This study shows that arming ATC with 25–50 ng of CS1Bi/106 ATC can generate highly effective cytotoxic T cells directed at CS1 on MM cell lines. Ex vivo arming ATC avoids the need to administer large quantities (mg/kg) of BiAb and, more importantly, would likely avoid cytokine release syndrome (CRS) associated with the infusion of anti-CD3 targeting BiAbs. This strategy utilizes humoral antibody targeting to mediate non-MHC restricted cytotoxicity by ATC. Secretion of Th1 cytokines upon binding of the effector cells to the myeloma cells not only augments tumoricidal activity directed at the malignant B cells, but may increase local cytokine and chemokine secretion that leads to shifting the tumor microenvironment to recruit endogenous immune effectors and induce an endogenous immune response.

Although the chemical heteroconjugation does not produce pure dimers of OKT3 × Elo, the preparation contains enough dimers and multimers to arm ATC converting each ATC into a CS1-targeted CTL. The titration studies determined the “effective” dose of CS1Bi to be 50 ng/106 cells. The concentration of anti-CS1 antibody needed to demonstrate the presence of CS1 on the MM cells suggests that CS1Bi is highly effective at triggering BATs against very low amounts of CS1 antigen on the target cells. Flow cytometry data confirmed that the CS1Bi could be easily detected on the ATC. The CS1-BATs were cytotoxic to all 5 MM cell lines even though CS1 is not highly expressed. These observations parallel our earlier study that showed that HER2Bi at an arming dose of 50 to as little 5 ng of HER2Bi/106 ATC was not only capable of binding but also mediating specific cytotoxicity and release of Th1 cytokines (IFN-γ, TNFα, and GM-CSF) when the HER2 BATs engaged the HER2 negative cell line MCF-7 (9). An analysis of CS1 expression on MM pts and cell lines showed that most of the cell lines tested expressed less CS1 than pts (12). However, our experience with solid tumor lines does not show a direct correlation between antibody target expression and overall cytotoxicity or release of cytokines, e.g., HER2BATs consistently produce greater amounts of Th1 cytokines against low HER2-expressing MDAMB231 cells than high HER2-expressing SKBR3 cells even though cytotoxicity levels are similar (data not shown). And similar to BATs armed with anti-CD20 × anti CD3 BiAb (13), CS1 BATs remained active even in the presence of high concentrations of added elotuzumab. The ability of BiAbs to activate armed T cells in response to very low levels of receptor expression and/or differences between the affinity of soluble elotuzumab vs. its affinity as part of the BiAb bound to T cell receptors on the ATC are the likely reasons for maintaining killing in the presence of the targeting monoclonal antibody.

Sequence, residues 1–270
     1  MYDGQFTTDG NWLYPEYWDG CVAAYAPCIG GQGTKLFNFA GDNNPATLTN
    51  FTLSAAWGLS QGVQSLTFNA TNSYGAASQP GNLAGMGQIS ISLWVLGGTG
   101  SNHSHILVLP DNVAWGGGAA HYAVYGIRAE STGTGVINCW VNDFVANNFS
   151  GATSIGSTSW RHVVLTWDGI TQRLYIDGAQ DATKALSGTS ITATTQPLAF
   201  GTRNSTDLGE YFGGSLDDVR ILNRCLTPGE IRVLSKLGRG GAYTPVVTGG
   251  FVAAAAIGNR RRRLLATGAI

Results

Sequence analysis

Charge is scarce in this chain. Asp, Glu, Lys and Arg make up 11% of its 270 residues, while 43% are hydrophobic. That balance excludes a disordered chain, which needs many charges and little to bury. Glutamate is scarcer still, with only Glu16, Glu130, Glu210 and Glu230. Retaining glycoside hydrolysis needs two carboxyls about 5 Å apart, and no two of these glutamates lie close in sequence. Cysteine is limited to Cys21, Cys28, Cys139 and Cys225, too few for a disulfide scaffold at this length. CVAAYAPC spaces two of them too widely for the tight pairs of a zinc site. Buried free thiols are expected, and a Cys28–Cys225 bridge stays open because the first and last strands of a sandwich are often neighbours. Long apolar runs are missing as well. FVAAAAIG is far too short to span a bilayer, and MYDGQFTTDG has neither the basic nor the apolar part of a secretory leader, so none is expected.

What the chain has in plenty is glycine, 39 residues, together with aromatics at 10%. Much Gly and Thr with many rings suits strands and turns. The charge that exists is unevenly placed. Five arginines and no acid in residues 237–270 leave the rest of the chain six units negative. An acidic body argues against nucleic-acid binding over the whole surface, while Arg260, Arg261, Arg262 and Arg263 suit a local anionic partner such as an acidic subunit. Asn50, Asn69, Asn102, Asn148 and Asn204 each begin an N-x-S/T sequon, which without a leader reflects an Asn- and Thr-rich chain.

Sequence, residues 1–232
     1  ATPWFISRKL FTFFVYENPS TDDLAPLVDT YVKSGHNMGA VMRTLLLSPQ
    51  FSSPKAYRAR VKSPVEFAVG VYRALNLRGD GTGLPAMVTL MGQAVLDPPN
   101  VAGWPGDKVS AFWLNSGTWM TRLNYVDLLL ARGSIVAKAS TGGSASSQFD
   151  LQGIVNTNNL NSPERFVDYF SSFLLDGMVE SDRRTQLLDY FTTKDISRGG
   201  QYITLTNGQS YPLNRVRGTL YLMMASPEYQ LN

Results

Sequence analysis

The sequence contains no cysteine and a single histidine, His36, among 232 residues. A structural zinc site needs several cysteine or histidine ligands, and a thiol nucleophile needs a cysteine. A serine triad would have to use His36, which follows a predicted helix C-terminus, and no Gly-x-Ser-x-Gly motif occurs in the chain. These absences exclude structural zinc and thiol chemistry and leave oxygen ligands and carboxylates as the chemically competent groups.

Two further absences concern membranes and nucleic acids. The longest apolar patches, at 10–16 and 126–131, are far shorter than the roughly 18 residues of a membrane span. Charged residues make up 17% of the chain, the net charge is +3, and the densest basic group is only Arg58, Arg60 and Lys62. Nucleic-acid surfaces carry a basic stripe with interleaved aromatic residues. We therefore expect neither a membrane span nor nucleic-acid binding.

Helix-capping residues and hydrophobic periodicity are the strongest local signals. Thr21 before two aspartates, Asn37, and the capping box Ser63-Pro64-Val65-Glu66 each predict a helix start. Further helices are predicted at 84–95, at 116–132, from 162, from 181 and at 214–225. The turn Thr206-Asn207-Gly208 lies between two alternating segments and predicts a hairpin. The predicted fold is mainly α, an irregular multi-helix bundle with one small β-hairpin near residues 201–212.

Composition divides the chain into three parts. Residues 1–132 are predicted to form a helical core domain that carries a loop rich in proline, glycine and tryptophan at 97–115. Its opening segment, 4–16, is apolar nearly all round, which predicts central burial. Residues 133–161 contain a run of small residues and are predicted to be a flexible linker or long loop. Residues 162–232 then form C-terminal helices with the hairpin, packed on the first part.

Arming of ATC with 25–50 ng of CS1Bi/106 ATC was shown to kill MM targets at E:T as low as 1:1. Our prior studies show that ATC exhibit high levels of BiAb-mediated specific cytotoxicity as early as 6 days and as long as 18 days of culture. We have shown that ATC from patients can be armed with anti-CD3 × anti-HER2 BiAb to treat metastatic breast (5) and metastatic prostate (6) cancers, anti-CD3 × anti-CD20 BiAb to treat non-Hodgkin's lymphoma (7, 14) and MM (10), and anti-CD3 × anti-GD2 BiAb to treat neuroblastoma and osteosarcoma (15). All of the BiAb ATC combinations consistently enhance specific cytotoxicity above that seen in unarmed ATC (9, 13, 16, 17). Furthermore we showed that purified CD8 and CD4 populations could be armed with BiAb and mediate specific cytotoxicity, although we did not test T cell populations for antigen-specific cytotoxicity (9). It is clear that BATs are serial killers (8) and persist in the patients for weeks after infusions (5); in the former study, we tested for persistence of the HER2Bi on the surface of the T cells in serial killing assays and showed that the BiAb not only persists on the cell surface, but that a decreasing amount of BiAb on the surface passed on to the dividing daughter cells allows them to use the BiAb to kill again (8). Furthermore, arming with low doses of BiAb enables not only multiple serial killings but also continuous release of IFN-γ, TNF-α, and GM-CSF. The clinical immune evaluation studies in metastatic breast cancer, metastatic prostate cancer, non-Hodgkin's lymphoma and MM showed the induction of Th1 cytokine patterns with elevated levels of IFN-γ, TNF-α, GM-CSF, and IL-12 in the patients with increases in IP-10, and decreases in IL-8 (5, 6, 10, 18). A more recent study on immune transfer after stem cell transplant showed evidence for not only transfer of established anti-breast cancer immunity but the development of cellular and humoral immunity to other epitopes and well as other tumor antigens (19).